To address the extent to which functional connectivity measures an absolute brain state, we observed the effect of prior performance of a language task on resting-state networks in regions associated with language. Six subjects were imaged during rest before and after a block-design language task. Connectivity maps were generated for each of four language regions (identified from analysis of the language activation portion of the study) in each subject for both rest periods. Conjunction analysis demonstrated distinct networks of voxels for each seed region, indicating separate functional subnetworks associated with the different regions. In a comparison of rest before and after the activation task widespread and significant changes were observed in all individuals, suggesting that the measured resting state network reflects a dynamic image of the current brain state. At the group level, an extended network was observed that was largely persistent over time. Even at the group level an increase in connectivity was observed between left and right middle frontal gyri, and between posterior cingulate cortex and medial frontal cortex in the rest after the language task. These results suggest that functional connectivity may be a powerful measure of cognitive state, sensitive to differences between controls and patients together with the particular cognitive processing occurring during the rest state.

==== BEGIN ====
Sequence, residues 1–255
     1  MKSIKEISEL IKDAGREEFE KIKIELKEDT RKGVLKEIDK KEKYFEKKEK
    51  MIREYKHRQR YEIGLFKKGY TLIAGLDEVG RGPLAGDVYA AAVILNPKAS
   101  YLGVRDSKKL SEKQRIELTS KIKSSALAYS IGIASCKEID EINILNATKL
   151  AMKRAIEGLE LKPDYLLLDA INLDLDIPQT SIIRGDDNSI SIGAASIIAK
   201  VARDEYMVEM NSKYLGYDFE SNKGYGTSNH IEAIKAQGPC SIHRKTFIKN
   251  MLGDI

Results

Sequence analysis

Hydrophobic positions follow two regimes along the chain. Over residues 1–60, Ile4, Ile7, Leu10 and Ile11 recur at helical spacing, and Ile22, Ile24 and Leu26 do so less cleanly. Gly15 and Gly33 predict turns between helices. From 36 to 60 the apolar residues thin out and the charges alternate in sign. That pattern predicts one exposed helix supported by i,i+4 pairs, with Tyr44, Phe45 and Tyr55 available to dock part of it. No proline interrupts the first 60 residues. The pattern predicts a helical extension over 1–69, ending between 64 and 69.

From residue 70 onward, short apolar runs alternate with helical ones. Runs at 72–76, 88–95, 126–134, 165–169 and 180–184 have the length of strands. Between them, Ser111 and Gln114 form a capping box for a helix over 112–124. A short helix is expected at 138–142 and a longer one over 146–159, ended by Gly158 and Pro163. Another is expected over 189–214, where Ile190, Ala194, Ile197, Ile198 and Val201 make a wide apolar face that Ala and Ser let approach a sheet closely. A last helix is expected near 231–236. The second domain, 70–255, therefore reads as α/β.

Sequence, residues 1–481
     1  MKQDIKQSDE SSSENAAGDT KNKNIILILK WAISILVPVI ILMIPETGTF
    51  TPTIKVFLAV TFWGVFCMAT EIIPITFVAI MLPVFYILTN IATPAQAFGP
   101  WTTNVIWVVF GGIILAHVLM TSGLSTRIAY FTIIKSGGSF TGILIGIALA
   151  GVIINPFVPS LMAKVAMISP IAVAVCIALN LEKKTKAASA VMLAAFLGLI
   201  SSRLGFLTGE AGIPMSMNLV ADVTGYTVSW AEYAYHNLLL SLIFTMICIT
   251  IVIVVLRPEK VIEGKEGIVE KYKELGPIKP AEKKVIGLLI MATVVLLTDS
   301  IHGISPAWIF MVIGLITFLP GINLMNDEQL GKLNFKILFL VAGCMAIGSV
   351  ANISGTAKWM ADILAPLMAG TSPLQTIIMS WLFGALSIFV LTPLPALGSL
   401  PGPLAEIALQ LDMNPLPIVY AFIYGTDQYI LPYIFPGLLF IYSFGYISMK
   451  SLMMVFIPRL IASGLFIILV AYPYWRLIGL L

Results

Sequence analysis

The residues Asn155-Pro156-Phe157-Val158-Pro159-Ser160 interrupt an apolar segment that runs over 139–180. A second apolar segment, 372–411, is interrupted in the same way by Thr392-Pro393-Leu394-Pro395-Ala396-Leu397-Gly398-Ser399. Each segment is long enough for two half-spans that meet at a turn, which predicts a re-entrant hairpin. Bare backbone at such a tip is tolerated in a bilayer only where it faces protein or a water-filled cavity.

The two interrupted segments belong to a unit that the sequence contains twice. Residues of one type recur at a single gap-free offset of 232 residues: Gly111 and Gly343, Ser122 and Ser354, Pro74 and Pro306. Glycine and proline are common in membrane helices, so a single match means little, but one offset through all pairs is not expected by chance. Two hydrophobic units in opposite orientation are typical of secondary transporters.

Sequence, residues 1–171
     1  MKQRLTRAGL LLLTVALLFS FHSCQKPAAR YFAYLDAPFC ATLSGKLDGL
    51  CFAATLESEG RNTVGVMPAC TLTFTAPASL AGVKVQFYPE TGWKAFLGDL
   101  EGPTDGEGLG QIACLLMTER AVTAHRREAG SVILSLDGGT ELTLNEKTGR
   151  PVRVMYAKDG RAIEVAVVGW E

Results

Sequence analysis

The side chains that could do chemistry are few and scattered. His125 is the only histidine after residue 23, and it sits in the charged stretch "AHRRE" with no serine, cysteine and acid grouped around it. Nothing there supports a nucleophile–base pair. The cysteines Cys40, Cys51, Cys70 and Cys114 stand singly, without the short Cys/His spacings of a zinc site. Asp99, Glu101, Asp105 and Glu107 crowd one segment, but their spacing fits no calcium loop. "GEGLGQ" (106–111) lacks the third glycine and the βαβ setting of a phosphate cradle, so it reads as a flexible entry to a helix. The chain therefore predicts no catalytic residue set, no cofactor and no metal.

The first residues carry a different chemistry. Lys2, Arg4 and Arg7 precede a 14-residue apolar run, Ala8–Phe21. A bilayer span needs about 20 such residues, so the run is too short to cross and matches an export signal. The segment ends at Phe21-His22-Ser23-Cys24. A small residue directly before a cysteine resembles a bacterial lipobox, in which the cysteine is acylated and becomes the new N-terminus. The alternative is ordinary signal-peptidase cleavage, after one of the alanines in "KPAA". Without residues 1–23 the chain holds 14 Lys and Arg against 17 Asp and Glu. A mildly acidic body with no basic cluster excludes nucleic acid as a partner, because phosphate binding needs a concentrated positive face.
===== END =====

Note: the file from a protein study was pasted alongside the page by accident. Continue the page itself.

(c) 2004 Wiley-Liss, Inc.